The White Bathhouse
It is just before Advent. He receives a phone call from an unknown woman claiming that she is his cousin. There’s never been much talk of the family on his mother’s side. He has never known the name of his grandfather. Now he discovers new truths and relatives he never knew about, and with them difficult questions come up.
He lives with an inherited illness that has forced him into a wheelchair. Is the secrecy in the family connected to the chromosome abnormality he has inherited? Will what he has found out about his grandfather give him insight into his own life?
The White Bathhouse is a story of origins, shame, concealment and the costs of being honest.
Praise for The White Bathhouse:
«Thorvald Steen transforms personal experience to high quality fiction … In a rich, complex text where elements close to reality are used with careful craft, Steen tells a revealing and frighteningly topical story of the fear of being different, of contempt and self-contempt. It should find its way to many readers”
“Very powerful … Steen tells a universal story of generational conflicts, shame and concealment. It’s especially beautiful when the desperation and the hatred towards the mother’s choice and the great difficulties this has led to is mildened – and ends up as a kind of reconciliation”
“Thorvald Steen’s triumphant novel confronts the reader with existential questions about human worth and the right to life, about sham, silence and deviation … The composition is brilliant, in the way it switches between detailed descriptions of the body lying helpless on the floor, memories from conversations with the mother and historical flashbacks … a sparklingly well-written piece of writing, which has everything you can expect from great literature: Well-written, well-composed and epic. This must be Thorvald Steen’s greatest victory as a writer”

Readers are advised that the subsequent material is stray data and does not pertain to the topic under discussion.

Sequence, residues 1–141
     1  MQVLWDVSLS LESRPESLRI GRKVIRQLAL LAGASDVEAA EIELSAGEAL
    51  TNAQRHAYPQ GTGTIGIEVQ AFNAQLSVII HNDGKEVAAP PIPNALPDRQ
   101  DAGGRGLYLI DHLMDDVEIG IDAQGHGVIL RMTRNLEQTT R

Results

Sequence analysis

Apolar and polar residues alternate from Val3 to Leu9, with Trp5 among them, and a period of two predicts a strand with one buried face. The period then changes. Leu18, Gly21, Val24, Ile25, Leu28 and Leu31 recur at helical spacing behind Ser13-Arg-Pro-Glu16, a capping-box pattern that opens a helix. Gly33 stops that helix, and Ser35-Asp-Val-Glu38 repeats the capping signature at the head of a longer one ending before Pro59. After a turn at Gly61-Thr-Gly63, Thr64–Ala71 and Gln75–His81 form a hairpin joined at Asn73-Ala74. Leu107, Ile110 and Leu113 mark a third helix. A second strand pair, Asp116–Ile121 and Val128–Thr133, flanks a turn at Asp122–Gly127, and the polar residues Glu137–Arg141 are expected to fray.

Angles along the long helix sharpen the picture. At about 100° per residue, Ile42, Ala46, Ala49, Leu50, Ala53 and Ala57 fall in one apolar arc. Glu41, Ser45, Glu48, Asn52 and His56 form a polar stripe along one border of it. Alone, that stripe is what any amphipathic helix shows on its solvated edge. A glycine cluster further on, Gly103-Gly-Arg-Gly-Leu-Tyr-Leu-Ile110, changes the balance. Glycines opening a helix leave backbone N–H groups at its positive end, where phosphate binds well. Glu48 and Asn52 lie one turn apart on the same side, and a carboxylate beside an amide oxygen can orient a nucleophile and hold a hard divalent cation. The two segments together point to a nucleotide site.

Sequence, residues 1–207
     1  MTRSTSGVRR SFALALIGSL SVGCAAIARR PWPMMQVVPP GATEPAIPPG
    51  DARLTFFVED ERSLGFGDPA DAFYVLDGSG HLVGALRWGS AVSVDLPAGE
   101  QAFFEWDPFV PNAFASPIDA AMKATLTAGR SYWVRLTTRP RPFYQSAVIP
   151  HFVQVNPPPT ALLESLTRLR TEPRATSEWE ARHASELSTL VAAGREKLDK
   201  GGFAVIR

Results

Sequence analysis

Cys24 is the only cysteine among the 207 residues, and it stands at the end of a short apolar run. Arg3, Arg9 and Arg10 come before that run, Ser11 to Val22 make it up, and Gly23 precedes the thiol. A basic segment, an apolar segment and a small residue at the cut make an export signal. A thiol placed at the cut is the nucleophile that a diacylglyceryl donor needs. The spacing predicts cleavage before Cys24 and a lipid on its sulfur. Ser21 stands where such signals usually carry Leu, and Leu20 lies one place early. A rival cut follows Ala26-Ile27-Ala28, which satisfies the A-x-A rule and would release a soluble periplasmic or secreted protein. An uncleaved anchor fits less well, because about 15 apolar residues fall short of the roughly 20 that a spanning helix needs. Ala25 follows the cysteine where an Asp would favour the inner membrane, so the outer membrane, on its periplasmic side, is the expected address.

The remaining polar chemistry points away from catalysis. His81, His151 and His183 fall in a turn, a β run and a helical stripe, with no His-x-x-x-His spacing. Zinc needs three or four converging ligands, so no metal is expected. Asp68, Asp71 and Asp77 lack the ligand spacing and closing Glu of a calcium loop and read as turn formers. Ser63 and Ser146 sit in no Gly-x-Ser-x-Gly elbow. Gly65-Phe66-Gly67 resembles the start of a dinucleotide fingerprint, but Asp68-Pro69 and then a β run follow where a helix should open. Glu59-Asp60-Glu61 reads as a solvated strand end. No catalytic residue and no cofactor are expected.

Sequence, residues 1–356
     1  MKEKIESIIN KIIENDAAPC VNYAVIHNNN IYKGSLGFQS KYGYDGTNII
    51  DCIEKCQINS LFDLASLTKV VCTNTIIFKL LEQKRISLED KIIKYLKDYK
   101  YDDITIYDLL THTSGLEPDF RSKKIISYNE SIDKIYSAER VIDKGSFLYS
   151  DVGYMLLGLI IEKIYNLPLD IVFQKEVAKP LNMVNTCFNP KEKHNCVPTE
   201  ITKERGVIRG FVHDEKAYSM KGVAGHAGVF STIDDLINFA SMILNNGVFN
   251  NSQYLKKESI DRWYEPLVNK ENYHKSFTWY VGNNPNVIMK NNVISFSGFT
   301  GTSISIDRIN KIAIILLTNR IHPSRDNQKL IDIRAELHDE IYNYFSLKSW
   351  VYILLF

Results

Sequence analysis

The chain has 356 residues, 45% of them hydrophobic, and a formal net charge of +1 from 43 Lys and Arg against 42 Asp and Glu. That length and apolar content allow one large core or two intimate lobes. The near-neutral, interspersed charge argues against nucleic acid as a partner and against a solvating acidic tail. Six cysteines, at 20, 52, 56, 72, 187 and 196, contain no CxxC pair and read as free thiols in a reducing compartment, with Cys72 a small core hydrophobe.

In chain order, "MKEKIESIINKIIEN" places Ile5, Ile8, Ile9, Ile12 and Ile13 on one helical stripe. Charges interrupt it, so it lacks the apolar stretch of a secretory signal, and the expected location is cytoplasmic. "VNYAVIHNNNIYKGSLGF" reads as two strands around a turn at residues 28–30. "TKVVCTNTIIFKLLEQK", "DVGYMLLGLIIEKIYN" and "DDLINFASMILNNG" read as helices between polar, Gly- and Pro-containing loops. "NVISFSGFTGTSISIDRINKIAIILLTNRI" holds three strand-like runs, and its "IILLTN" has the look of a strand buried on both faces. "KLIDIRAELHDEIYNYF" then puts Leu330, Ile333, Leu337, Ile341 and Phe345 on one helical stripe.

“Suspenseful and enlightening. A telephone call changes everything in Thorvald Steen’s new, moving novel, which shows how important it is to have ownership to your own history. Steen lets the story unfold in a tight and controlled manner, effortlessly moving between different time levels … the physical experience of loss and inadequacy is powerfully conveyed … Steen’s novel is easy to recommend – eye-opening, well-composed and suspenseful from beginning to end”
Dagbladet, 5/6 stars
“Genes and illness transformed into shame. Thorvald Steen’s generous confrontation with a life of concealment … an intensely personal novel. It is powerful in more ways than one … It is an infatuating read, in an artfully composed novel which moves freely around in time and space.”
Stavanger Aftenblad, 5/6 stars
“A powerful, wise book about living with a very serious diagnosis … Steen is a literary craftsman of the highest order. The novel is barely 180 pages long, and is tightly and intelligently edited. It struck me that this book could have been a jeremiad, an attack on the family in general – and the mother in particular – but Steen has steered clear of that. Instead it’s a wise book”
Fædrelandsvennen, 5/6 stars
«Steen has given us the most wonderful novels rooted in his own life, and always with a core pointing far out and beyond the personal. That is also the case this time … In spite of the sorrow below the surface of this story, The White Bathhouse is a tour de force of tight directing. Unsentimental, balanced and at times drily funny, this is an unusually painful family story, which shows how destructive silence can be”
“Steen’s skilled prose is neither fancily embellished or conspicuously tight, but when you look closer, it is enormously rhythmic … a novel completely devoid of sentimentality – a triumph, I must stress, for Thorvald Steen as a poet”
“Steen portrays human frailty and shame in a literary frame that is as suspenseful as any crime novel … The pain of the parents for having inflicted this ailment on their child has been handled with shame and silence … this problem is universal, it doesn’t need a chromosomal abnormity and a generation of lies. All children experience pain inflicted on them by their parents, if nothing else then because life itself is painful. And any attempt from parents to run away from their share of the blame, their responsibility, can make matters worse”